“They are importing at a higher price than they are selling, which means they are losing money, which means effectively that loss is being borne by everybody because effectively, it is reflected in the federation account.
“So, there is no subsidy payment in the way the old subsidy scheme used to work where they were paying the oil marketers. But there is an under-recovery – a loss on the importation of petrol being borne by NNPC and therefore, indirectly being borne by everyone of us.”
She also defended the budget deficit despite the increase in the revenue generated by the Nigerian Customs Service (NCS) and Federal Inland Revenue Service (FIRS), saying the revenue is shared by the three tiers of government and does not belong to the federal government alone.
“On the funding of the budget, Customs will report that they made a trillion, FIRS N4 trillion, and so on. That is absolutely correct. But if you also follow those who cover the FAAC meetings, you will know that the money is shared every month among the three tiers of government.
“That is what makes up the FAAC. The FAAC is made up of Customs revenue, FIRS revenue and NNPC revenue. So, that money is not just for the federal budget. It is all for the three tiers of government. That is all they live on,” she stated.
Earlier, the minister had briefed journalists on the approval of over N2.3 billion by the FEC for the purchase of 81 units of houses for Customs officers and an additional 50 vehicles for their use in the effort to curb rice smuggling and grow the local rice market.
“I presented two memos on behalf of the Nigerian Customs Service: One was to acquire 81 units of two-bedroom residences in Ido, Gwari, Life Camp for use as barracks for customs officers within the Abuja area.
The total amount involved is N1.2 billion. We are purchasing them from Brains and Hammer City, the real estate developers.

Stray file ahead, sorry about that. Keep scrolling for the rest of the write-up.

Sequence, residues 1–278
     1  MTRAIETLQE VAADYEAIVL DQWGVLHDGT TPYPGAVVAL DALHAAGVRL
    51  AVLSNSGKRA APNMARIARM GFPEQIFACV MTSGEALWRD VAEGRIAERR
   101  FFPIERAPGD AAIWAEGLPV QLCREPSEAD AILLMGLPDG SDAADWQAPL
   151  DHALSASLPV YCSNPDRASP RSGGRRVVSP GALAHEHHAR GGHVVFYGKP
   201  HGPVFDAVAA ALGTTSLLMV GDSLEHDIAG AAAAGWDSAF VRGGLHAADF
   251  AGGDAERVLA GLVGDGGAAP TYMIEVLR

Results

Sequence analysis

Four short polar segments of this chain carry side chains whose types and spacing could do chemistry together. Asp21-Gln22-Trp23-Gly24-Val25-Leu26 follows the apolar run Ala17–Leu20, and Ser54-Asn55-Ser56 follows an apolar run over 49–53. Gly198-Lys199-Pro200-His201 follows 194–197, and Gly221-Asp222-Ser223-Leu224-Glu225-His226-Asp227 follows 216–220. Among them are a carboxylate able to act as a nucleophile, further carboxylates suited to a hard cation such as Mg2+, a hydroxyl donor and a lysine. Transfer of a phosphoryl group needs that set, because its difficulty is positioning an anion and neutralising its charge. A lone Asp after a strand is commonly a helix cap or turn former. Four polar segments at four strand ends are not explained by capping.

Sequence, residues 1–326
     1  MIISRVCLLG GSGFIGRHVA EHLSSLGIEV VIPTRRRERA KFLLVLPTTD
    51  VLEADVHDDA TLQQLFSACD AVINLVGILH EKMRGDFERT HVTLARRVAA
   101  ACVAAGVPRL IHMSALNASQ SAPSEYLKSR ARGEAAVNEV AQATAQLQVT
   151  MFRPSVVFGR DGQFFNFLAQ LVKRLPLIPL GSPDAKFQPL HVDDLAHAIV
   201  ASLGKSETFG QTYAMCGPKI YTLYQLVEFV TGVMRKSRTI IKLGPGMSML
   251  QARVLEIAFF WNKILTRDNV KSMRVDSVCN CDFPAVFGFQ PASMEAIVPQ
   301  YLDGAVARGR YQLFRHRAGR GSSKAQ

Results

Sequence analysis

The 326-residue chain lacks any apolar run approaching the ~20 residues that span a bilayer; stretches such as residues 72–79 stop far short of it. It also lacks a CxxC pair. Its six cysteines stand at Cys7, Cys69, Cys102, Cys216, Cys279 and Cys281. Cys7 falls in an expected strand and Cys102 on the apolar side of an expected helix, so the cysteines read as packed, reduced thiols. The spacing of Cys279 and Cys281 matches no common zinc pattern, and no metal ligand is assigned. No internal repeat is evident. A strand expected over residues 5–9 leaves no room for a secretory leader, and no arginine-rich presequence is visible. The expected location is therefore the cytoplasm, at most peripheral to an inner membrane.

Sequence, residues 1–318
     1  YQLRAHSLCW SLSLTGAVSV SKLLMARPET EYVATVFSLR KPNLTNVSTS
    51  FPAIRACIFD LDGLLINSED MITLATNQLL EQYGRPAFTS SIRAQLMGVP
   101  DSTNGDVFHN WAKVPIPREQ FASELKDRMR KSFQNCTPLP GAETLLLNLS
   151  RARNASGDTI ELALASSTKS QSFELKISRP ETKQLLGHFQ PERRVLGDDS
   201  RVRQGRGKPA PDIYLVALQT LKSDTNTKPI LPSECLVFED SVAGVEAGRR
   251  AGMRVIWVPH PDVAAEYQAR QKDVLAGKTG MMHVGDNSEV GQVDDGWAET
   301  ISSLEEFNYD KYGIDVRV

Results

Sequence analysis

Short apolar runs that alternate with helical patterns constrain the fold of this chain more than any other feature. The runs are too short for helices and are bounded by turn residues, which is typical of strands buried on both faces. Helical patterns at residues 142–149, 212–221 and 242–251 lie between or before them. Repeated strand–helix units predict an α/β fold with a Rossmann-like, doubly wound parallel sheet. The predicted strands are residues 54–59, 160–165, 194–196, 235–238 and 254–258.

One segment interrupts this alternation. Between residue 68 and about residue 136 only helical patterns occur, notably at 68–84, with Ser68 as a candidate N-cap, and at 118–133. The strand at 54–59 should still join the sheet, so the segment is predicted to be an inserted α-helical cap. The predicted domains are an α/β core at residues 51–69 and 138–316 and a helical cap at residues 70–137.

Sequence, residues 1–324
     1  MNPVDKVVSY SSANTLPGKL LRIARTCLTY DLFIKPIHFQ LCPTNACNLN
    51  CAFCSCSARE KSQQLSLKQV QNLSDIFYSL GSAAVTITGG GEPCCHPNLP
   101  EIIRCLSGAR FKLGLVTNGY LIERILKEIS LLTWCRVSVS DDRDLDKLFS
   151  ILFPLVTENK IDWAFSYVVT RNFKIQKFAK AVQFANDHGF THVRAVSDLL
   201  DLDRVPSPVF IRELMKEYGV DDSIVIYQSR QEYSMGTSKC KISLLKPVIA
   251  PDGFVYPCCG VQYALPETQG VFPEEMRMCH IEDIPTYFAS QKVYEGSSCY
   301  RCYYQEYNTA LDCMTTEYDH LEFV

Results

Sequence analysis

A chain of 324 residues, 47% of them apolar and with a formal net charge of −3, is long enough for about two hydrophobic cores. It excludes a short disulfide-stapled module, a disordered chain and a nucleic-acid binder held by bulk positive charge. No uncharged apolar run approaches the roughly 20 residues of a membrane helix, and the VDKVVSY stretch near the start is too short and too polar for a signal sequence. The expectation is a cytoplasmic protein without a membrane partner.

“The second approval was for the purchase of 50 operational vehicles that are going to be deployed for anti-smuggling or the anti-rice smuggling task force that is being put together, which the Customs will be leading.
“As you know, efforts to become a major rice producer have resulted in the revival of local rice growing. What we have found is a 90 per cent reduction in the official importation of rice, but smuggling has increased and of course, our borders are very, very porous.
“Now, we believe that to protect our farmers, to protect the investments after people have gone back to the farms, government must really act to stem the tide of illegal rice importation and smuggling.
“So, there is a multi-task force agency that has been working since last July, which includes the Customs Service, NAFDAC, the Consumer Protection Council, Ministry of Finance and the Trade Mark Practices Bureau, gathering information on how this rice is coming in.
“They have been trying to determine what the key entry points are, and are mapping out how we are going to have an effective strategy to stop the smuggling.
“We felt that it was important that we don’t want Customs going to seize rice in the markets. Customs should actually stop rice from coming in at the borders points; and Customs indicated that they need additional vehicles, additional resources as well as more information-driven measures that will be taken.
“So, what was approved today was for the purchase of 50 vehicles as part of these efforts. The contractor for the supply of vehicles is Elizade and the value is N1.12 billion,” she stated.